The mysterious duo behind Daft Punk announced—in an aptly named YouTube video, “Epilogue”— their retirement from music after 28 years together.
Even if you’re not into electronic house music, there’s a small chance you haven’t heard a sampling of their work. (One More Time is a Wilson Family Dance Party favorite.)
With their secret identities, cool robot helmets, and good music, Daft Punk is one of my happy makers.
What’s a happy maker? Well, it’s something that makes you happy.
For most of us, a happy maker might be a simple guilty pleasure like eating chocolate or listening to Jack Johnson. For others, it might be something more dangerous like sky diving or listening to Jack Johnson.
I think about happiness a lot. It was the main reason and focus behind the book I published last year.
But I’m beginning to wonder, are we putting too much importance on happiness at the expense of all the other valid human emotions?
Before I answer that, I have a quick little announcement.
Starting this month, I’ve decided to better organize our learning around a central theme instead of relying on a hodgepodge of randomness.
I believe focusing on a theme will allow us to dive deeper into our learnings instead of casually perusing each week.
This month’s theme is happiness, or rather, our obsession with happiness and why a little book written in 1932 foresaw what was to come.
Let’s get learning, shall we?
Happiness and only happiness?
I finished reading Aldous Huxley’s apocryphal novel, Brave New World last week. Published in 1932, the novel is a work of speculative fiction about a World State whose main purpose is to keep everybody happy.
This society has everything: genetically modified humans, a wonder drug called soma (all highs, no hangovers), uninhibited promiscuity, and personal helicopters (which I’m assuming were futuristic back in Huxley’s day).
Everyone is happy all the time. No one is allowed to feel otherwise.
As you can imagine, the novel describes a dystopia rather than a utopia. Having only one acceptable state of being—happy—comes at a cost, namely, no more free will, only endless distraction.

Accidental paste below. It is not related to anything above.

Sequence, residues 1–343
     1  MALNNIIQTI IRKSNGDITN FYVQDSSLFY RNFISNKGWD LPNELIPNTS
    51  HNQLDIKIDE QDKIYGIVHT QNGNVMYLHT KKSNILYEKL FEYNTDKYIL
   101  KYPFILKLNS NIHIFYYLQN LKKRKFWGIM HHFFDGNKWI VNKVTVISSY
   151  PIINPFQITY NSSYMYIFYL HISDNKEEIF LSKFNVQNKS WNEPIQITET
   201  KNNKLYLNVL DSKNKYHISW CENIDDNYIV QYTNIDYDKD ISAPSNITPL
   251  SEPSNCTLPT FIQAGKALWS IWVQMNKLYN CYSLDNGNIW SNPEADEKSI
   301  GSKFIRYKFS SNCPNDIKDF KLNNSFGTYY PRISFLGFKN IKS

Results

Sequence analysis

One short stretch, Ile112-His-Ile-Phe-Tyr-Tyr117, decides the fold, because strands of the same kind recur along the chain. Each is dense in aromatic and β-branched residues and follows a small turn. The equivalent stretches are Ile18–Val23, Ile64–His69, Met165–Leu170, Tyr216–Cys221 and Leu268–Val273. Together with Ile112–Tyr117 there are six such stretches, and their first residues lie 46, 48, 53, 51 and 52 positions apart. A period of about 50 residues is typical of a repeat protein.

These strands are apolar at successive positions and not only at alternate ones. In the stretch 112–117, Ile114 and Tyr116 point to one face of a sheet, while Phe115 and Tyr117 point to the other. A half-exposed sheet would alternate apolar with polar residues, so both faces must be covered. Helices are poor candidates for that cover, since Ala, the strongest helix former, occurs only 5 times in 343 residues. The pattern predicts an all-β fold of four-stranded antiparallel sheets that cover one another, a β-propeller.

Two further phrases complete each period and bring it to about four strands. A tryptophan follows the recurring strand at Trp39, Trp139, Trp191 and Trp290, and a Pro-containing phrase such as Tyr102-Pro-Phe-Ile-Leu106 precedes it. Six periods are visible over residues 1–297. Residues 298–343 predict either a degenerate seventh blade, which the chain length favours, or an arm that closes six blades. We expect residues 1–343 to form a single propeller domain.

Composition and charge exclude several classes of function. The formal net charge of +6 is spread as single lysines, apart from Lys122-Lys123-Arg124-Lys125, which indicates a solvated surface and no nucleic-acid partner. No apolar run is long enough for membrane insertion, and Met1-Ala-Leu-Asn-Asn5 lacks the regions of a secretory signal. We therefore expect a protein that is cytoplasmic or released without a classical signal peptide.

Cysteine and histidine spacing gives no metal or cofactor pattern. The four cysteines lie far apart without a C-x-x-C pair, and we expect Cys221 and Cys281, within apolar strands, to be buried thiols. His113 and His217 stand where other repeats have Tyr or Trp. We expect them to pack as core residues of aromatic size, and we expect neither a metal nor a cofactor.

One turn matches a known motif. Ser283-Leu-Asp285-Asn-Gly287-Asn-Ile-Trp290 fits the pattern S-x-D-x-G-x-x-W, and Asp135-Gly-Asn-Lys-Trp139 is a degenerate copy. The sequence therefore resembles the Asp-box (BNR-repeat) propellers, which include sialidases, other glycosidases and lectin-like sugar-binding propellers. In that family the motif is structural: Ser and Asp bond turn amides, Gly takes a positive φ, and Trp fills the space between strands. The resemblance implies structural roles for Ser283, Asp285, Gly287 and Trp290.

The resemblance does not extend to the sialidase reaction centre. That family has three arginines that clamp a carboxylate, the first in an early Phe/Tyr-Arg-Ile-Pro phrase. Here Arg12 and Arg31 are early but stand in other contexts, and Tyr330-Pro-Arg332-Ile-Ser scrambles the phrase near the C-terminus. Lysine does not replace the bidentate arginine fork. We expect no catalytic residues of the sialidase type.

As I read this book from 1932, I couldn’t help but draw inferences to society today:
- How often do we tell someone to “take time away” when they lose someone close?
- How often do we answer “Good” with a forced smile when someone asks us “How are you going?”
- How often do we fear the stigma of admitting to being sad or depressed?
- How often do we numb our feelings rather than cope with them?
Huxley’s dystopia is all around us. Happiness has become the only acceptable feeling, everything else must be hidden away or ignored. If you’re sad, then somehow you must be broken. Even mental health is discussed through a single lens: happiness.
I don’t believe this is the right step forward.
We’re emotional beings, we feel—and should feel—a wide range of emotions.
But what’s causing this shift?
I’m not 100% sure, but I have a hunch.
So much soma
Let’s revisit happy makers again.
Why are happy makers important? Well, happy makers are our own. They’re unique. They’re a walk in a park, a visit with the grandchildren, a good book, or a Jack Johnson album.
They are the small, simple pleasures in life.
With technology advancing, shouldn’t we have more time for these simple pleasures? Shouldn’t we be happier as a society?
I think we should, but the numbers say the opposite.
Our happiness has become concentrated into glowing little rectangles that beep and ding and make us feel validated. It’s not even true happiness, it’s a diluted hedonic view of happiness.
We crave something deeper but keep turning to our phones. An average American adult spends about 3 and a half hours on their phone every day.
We aren’t relying on life’s simple pleasures for little boosts of bliss, we’re pulling out our phones—on the bus, in the waiting room, in bed—and scrolling for dopamine hits.
We know we’re only a few taps and swipes away from a soma-vacation.
Huxley predicted it all.
So what are we supposed to do about it?
We need to feel all the feelings
The answer, I believe, isn’t trying harder to be happier without our phones, the answer is letting yourself feel all the feelings.
Boredom. Wonder. Sadness. Fear. Intrigue. Enjoyment. Anger. Contentment.
Emotional regulation is the term and what we will be exploring in-depth this month.
- How should we approach feelings other than happiness?
- How do we diversify our sources of happiness?
- How do we stop judging our feelings?
I have two children and I don’t want to pass on to them a world of manufactured happiness. I want them to understand their feelings and know what to do with them.
I want them to be human.
So, I’ll close with a Theodore Rosevelt quote I was reminded of while watching the Mars rover land last week:
“Far better it is to dare mighty things, to win glorious triumphs, even though checkered by failure, than to take rank with those poor spirits who neither enjoy much nor suffer much, because they live in the gray twilight that knows neither victory nor defeat.”
Or as Bill Bryson puts it:
“We used to build civilizations. Now we build shopping malls.”
Until next week,
P.S. – If you’d like to help me grow this Learning Letter, I’d really appreciate you sharing them with friends and family and asking them to sign up. Thank you in advance 🙂